McIntire v. Keystone RV Company - Document 16

Court Description:

OPINION AND ORDER denying 9 MOTION to Dismiss For Failure to State a Claim filed by Keystone RV Company. Signed by Judge Rudy Lozano on 11/9/2011. (kds)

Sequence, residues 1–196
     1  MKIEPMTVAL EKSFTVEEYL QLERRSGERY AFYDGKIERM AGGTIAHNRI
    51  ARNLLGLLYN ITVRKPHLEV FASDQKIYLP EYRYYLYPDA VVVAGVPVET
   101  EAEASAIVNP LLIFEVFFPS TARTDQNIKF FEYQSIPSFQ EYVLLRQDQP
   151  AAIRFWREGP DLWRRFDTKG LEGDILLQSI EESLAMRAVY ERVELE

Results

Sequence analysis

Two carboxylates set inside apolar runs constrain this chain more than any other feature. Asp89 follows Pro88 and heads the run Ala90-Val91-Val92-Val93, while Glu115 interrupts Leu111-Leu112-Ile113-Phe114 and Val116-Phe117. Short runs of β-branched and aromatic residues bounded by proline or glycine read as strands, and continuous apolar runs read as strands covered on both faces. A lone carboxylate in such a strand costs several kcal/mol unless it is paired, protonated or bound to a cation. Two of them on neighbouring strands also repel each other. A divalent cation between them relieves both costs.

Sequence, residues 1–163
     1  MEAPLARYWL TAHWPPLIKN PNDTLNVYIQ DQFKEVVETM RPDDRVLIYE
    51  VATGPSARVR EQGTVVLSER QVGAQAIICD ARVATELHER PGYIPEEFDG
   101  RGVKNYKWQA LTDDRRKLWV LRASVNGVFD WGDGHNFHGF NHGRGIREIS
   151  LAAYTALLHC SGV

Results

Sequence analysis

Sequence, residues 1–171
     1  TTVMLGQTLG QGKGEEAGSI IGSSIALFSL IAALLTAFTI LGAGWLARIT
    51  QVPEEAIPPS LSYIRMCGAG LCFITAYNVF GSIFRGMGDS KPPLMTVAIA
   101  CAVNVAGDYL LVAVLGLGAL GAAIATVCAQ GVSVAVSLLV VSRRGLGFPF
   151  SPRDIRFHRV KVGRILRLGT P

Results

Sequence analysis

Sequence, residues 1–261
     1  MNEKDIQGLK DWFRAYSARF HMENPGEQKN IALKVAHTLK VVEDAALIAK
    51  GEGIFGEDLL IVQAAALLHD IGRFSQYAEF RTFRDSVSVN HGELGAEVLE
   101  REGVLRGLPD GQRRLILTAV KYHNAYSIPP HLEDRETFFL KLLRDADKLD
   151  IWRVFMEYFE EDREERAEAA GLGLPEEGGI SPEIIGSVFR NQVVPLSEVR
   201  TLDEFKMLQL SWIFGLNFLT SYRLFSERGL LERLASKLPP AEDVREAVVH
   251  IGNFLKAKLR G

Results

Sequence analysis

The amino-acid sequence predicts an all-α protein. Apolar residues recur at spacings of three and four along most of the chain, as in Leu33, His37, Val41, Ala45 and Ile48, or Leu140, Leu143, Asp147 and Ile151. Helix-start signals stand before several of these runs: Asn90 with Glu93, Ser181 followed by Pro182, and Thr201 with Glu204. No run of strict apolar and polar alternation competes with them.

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UNITED STATES DISTRICT COURT NORTHERN DISTRICT OF INDIANA SOUTH BEND DIVISION KIM A. McINTIRE, Plaintiff, v. KEYSTONE RV COMPANY, Defendant. ) ) ) ) ) ) ) ) ) NO. 3:10-CV-508 OPINION AND ORDER This matter is before the Court on the Motion to Dismiss, filed by Defendant, Keystone RV Company, on April 25, 2011. For the reasons set forth below, the motion is DENIED. BACKGROUND The following facts are based on the allegations of the complaint, which this Court accepts as true at this stage in the litigation. Plaintiff, Kim A. McIntire (“McIntire”), was hired by Defendant, Keystone RV Company (“Keystone RV”), on or about May 1, 2006. (Complaint ¶ 6.) At some point during McIntire’s employment, Keystone RV began replacing non-Amish workers with Amish ones. (Charge of Discrimination, Ex. A to Plaintiff’s Complaint.) On or about October 29, 2009, McIntire was terminated from his employment with Keystone RV for an alleged safety violation. (Complaint at ¶ 7; Charge of Discrimination, Ex. A to Plaintiff’s Complaint.) The individual who decided on behalf of Keystone RV to fire McIntire was Amish. (Complaint at ¶ 11.) Keystone RV then replaced McIntire with an Amish worker whom the company had interviewed prior to McIntire being fired. (Id. at ¶ 12; Charge of Discrimination, Ex. A to Plaintiff’s Complaint.) Based on the foregoing, McIntire filed a Charge of Discrimination with the Equal Employment Opportunity Commission (“EEOC”) for race and religious discrimination alleging Keystone RV had fired him because he was not Amish. Complaint.) (Charge of Discrimination, Ex. A to Plaintiff’s The EEOC issued a Dismissal and Notice of Rights indicating that it was unable to conclude whether Keystone RV had violated Title VII of the Civil Rights Act of 1964 (“Title VII”). (Dismissal and Notice of Rights, Ex. B to Plaintiff’s Complaint.) McIntire subsequently filed his complaint with this Court alleging Keystone RV fired him because he was not Amish, thereby violating his rights under Title VII not to be discriminated against on account of his race or religion. (Compl. at ¶ 15, Compl. Ex. A) In the Motion to Dismiss, Keystone RV asserts that being “non-Amish” is not a category protected by Title VII. Therefore, Keystone RV contends that McIntire’s complaint should be dismissed for failure to state a claim pursuant to Rule 12(b)(6) of the Federal Rules of Civil Procedure. The motion is fully briefed and ripe for adjudication. DISCUSSION Federal Rule of Civil Procedure 12(b)(6) allows a complaint to be dismissed if it fails to “state a claim upon which relief can be granted.” Allegations other than fraud and mistake are governed by the pleading standard outlined in Federal Rule of Civil Procedure 8(a), which requires a “short and plain statement” showing that the pleader is -2- entitled to relief. In order to survive a Rule 12(b)(6) motion, the complaint “must contain sufficient factual matter, accepted as true, to ‘state a claim to relief that is plausible on its face’.” Ashcroft v. Iqbal, 129 S.Ct. 1937, 1949 (2009) (quoting Bell Atlantic Corp. v. Twombly, 550 U.S. 544, 570 (2007)). reasonable All well-pleaded facts must be accepted as true, and all inferences plaintiff’s favor. 2008). from those facts must be resolved in the Pugh v. Tribune Co., 521 F.3d 686, 692 (7th Cir. However, a plaintiff may plead himself out of court if the complaint includes allegations that show he cannot possibly be entitled to the relief sought. McCready v. eBay, Inc., 453 F.3d 882, 888 (7th Cir. 2006). Title VII Title VII of the Civil Rights Act of 1964, as amended, 42 U.S.C. § 2000e, et seq, provides that “[i]t shall be an unlawful employment practice for an employer to . . . discharge any individual, or otherwise to discriminate against any individual with respect to his compensation, terms, conditions, or privileges individual’s . . . religion . . . .” of employment, because of 42 U.S.C. § 2000e-2(a)(1). such It is beyond dispute that the Amish are considered to be a religious group. U.S. v. Lee, 455 U.S. 252, 257 (1982); Wisconsin v. Yoder, 406 U.S. 205, 216 (1972). A plaintiff may use indirect proof to establish a prima facie case of discrimination under Title VII by showing: “(1) she is a member of a protected class; (2) she is qualified for the position; (3) she was rejected for the position; and (4) the position was given to someone -3- outside the protected class who was similarly or less qualified than she.” Hobbs v. City of Chicago, 573 F.3d 454, 460 (7th Cir. 2009); see also McDonnell Douglas Corp. v. Green, 93 S.Ct. 1817, 1824 (1973). However, when a plaintiff claims he was discriminated against because he did not hold the same religious beliefs as his employer, the Seventh Circuit has adopted a more flexible approach articulated by the Tenth Circuit in Shapolia v. Los Alamos Nat’l Laboratory, 992 F.2d 1033 (10th Cir. 1993). See Sattar v. Motorola, Inc., 138 F.3d 1164, 1169-70 (7th Cir. 1998) (rejecting the use of the traditional McDonnell Douglas test in favor of the approach used in Shapolia ); Venters v. City of Delphi, 123 F.3d 956, 972 (7th Cir. 1997) (endorsing the approach used in Shapolia in cases where employees allege they were fired for not sharing or following their employer’s religious beliefs); EEOC v. Preferred Management Corp., 226 F. Supp. 2d 957, 968 (S.D. Ind. 2002) (finding no reason to alter conclusion that Venters and Sattar provide a cause of action for employment discrimination under Title VII based on employee’s failure to hold the same religious beliefs as employer). Under Shapolia, a plaintiff states a prima facie case of religious discrimination by showing: (1) that he was subjected to some adverse employment action; (2) that, at the time the employment action was taken, the employee's job performance was satisfactory; and (3) some additional evidence to support the inference that the employment actions were taken because of a discriminatory motive based upon the employee's failure to hold or follow his employer's religious beliefs. Shapolia, 992 F.2d at 1038 (10th Cir. 1993). The Shapolia court expressly stated that “[w]here discrimination is not targeted against a particular religion, but against those who do not share a particular religious belief, the use of the protected class factor is inappropriate.” -4- Id. In light of the incorporation of Shapolia into Seventh Circuit precedent, an employee can state a valid claim for religious discrimination under Title VII “if, while declining to specify his religious beliefs, he attests that they differ from his employer's and that that is why he was fired.” Reed v. Great Lakes Companies, Inc., 330 F.3d 931, 934 (7th Cir. 2003) (citing Venters, 123 F.3d at 972 and Shapolia, 992 F.2d at 1037). In support of its Motion, Keystone RV relies on Young v. Digger Specialties, Inc., No. 3:09cv136, 2010 WL 3940455, at *6 (N.D. Ind. Oct. 5, 2010) for the proposition that being “non-Amish” is not a protected race or religion under Title VII. Aside from not being binding on this Court, Keystone RV’s reliance on Young is misplaced. The court in Young was correct to point out that being “non-Amish” is not a protected class under traditional Title VII analysis. Young, 2010 WL 3940455 at *6 (N.D. Ind. Oct. 5, 2010). However, the court in Young failed to recognize that in situations where an employee alleges he was fired by his employer because he did not hold the same religious beliefs as his employer, the protected class factor is no longer applicable. See Reed, 330 F.3d at 934 (7th Cir. 2003); Sattar, 138 F.3d at 1169-70 (7th Cir. 1998); Venters, 123 F.3d at 972 (7th Cir. 1997); Shapolia, 992 F.2d at 1038 (10th Cir. 1993). Keystone RV’s sole contention is that “being ‘non-Amish’ is not a category protected by Title VII.” (DE 9 at 1). An allegation that an employee was terminated because his religious views differ from his employers is sufficient to state a claim for religious discrimination under Title VII. Under the framework of Shapolia, McIntire’s claim cannot be dismissed merely because the claim is based on an allegation -5- that Keystone RV discriminated against McIntire for being non-Amish. Accordingly, Keystone RV’s motion lacks merit. CONCLUSION For the reasons set forth above, Keystone RV’s Motion to Dismiss is DENIED. DATED: November 09, 2011 /s/RUDY LOZANO, Judge United States District Court -6-